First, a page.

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Friday, July 28, 2017

92. Finding Work For Intellectuals: The Underground History of American Education by John Taylor Gatto from archive.org

Finding Work For Intellectuals 

The little North German state of Prussia had been described as "an army with a country," 
"a perpetual armed camp," "a gigantic penal institution." Even the built environment in 
Prussia was closely regimented: streets were made to run straight, town buildings and 
traffic were state-approved and regulated. Attempts were made to cleanse society of 
irregular elements like beggars, vagrants, and Gypsies, all this intended to turn Prussian 
society into "a huge human automaton" in the words of Hans Rosenberg. It was a state 
where scientific farming alternated with military drilling and with state-ordered 
meaningless tasks intended for no purpose but to subject the entire community to the 
experience of collective discipline — like fire drills in a modern junior high school or 
enforced silence during the interval between class periods. Prussia had become a 
comprehensive administrative Utopia. It was Sparta reborn. 

Administrative Utopias spring out of the psychological emptiness which happens where 
firmly established communities are nonexistent and what social cohesion there is is weak 
and undependable. Utopias lurch into being when Utopia happens best where there is no 
other social and political life around which seems attractive or even safe. The dream of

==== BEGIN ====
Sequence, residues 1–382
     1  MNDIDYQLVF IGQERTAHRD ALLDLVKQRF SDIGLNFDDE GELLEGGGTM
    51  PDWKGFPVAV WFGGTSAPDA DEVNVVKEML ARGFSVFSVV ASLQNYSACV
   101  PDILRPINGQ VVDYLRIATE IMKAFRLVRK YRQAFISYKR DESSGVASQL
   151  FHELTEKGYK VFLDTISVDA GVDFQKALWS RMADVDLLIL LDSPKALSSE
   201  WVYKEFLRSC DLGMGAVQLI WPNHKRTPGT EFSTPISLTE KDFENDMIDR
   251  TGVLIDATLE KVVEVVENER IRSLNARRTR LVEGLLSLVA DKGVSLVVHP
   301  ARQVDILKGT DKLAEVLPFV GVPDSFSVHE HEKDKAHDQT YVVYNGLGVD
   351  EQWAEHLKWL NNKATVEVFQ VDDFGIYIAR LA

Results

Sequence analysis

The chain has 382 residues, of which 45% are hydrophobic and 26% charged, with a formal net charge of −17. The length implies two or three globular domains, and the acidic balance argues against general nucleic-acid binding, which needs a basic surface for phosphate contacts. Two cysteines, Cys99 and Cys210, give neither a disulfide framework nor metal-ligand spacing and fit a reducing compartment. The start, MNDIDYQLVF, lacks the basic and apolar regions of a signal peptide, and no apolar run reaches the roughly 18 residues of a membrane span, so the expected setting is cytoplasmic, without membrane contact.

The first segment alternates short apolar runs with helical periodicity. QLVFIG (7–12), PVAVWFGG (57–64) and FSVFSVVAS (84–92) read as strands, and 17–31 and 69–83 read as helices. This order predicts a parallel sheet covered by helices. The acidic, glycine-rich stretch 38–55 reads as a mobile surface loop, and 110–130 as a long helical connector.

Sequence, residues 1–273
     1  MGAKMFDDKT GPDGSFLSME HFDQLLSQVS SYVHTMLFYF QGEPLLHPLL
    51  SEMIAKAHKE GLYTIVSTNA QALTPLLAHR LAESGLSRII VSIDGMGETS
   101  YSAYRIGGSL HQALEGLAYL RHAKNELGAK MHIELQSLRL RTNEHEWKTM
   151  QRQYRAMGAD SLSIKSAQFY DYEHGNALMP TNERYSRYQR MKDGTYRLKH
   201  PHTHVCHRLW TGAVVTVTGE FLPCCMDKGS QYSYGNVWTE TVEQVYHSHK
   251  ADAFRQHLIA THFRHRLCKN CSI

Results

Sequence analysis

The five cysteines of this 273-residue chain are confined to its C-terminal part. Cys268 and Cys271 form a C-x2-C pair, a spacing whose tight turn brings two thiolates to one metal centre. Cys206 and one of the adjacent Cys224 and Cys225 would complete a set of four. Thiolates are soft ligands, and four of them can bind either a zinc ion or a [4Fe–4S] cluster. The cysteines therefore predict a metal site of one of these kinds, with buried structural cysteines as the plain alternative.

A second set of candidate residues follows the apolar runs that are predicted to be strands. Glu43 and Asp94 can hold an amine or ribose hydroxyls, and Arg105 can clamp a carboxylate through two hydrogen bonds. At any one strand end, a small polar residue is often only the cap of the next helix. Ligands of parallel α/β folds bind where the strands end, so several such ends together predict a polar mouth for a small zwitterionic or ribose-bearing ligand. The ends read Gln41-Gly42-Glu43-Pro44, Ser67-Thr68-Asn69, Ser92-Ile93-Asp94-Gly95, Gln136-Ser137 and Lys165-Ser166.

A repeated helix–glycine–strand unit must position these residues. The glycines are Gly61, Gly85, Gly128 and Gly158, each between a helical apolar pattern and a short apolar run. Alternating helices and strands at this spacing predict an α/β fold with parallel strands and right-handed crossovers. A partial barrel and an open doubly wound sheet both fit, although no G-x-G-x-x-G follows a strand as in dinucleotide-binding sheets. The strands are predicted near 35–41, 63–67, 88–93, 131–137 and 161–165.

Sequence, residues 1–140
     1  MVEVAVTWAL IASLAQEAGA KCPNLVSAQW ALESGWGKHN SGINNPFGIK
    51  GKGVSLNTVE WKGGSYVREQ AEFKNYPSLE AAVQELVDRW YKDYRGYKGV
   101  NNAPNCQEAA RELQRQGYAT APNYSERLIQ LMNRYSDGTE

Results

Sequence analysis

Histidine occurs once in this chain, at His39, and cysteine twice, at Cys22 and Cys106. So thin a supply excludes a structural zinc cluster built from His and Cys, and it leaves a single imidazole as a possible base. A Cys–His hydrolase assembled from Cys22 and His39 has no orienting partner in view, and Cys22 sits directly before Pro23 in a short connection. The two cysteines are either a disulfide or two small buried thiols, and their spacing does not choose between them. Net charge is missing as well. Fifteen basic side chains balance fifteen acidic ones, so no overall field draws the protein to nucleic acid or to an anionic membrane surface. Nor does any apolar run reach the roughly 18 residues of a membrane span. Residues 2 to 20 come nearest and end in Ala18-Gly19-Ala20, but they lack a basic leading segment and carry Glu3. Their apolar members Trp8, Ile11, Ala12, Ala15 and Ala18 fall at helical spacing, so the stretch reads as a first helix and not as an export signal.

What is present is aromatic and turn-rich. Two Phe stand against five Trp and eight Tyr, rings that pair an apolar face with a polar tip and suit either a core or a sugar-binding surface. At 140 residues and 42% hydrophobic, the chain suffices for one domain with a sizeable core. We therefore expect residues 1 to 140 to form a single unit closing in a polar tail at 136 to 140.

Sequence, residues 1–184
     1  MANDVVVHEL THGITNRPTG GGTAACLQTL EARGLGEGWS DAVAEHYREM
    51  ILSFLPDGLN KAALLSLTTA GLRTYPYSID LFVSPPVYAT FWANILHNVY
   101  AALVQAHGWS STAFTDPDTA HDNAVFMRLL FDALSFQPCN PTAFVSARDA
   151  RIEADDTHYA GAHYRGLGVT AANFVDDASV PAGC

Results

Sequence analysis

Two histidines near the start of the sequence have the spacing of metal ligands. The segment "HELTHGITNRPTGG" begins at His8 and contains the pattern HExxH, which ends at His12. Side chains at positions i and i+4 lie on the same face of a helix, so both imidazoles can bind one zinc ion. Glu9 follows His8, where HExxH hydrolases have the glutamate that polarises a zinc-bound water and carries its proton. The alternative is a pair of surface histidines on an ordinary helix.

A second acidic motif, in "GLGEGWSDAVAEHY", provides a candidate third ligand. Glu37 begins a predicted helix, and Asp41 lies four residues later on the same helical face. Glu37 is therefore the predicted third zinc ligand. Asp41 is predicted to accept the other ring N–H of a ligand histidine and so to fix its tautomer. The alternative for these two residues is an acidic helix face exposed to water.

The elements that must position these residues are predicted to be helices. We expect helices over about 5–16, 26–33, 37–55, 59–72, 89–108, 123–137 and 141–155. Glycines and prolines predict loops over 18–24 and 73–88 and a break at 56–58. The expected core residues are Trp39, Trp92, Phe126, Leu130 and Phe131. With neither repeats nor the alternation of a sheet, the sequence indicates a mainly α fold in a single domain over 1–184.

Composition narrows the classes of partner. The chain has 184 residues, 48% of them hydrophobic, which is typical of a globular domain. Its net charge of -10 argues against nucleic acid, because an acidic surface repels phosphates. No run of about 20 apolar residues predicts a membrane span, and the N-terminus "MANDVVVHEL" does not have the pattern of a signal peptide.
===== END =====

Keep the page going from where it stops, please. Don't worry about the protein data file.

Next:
state power refashioning countryside and people is powerful, especially compelling in 
times of insecurity where local leadership is inadequate to create a satisfying social order, 
as must have seemed the case in the waning decades of the nineteenth century. In 
particular, the growing intellectual classes began to resent their bondage to wealthy 
patrons, their lack of any truly meaningful function, their seeming overeducation for what 
responsibilities were available, their feelings of superfluousness. The larger national 
production grew on wheels and belts of steam power. The more it produced 
unprecedented surpluses, the greater became the number of intellectuals condemned to a 
parasitic role, and the more certain it became that some Utopian experiment must come 
along to make work for these idle hands. 

In such a climate it could not have seemed out of line to the new army of homeless men 
whose work was only endless thinking, to reorganize the entire world and to believe such 
a thing not impossible to attain. It was only a short step before associations of 
intellectuals began to consider it their duty to reorganize the world. It was then the clamor 
for universal forced schooling became strong. Such a need coincided with a 
corresponding need on the part of business to train the population as consumers rather 
than independent producers. 

In the last third of the nineteenth century, a loud call for popular education arose from 
princes of industry, from comfortable clergy, professional humanists and academic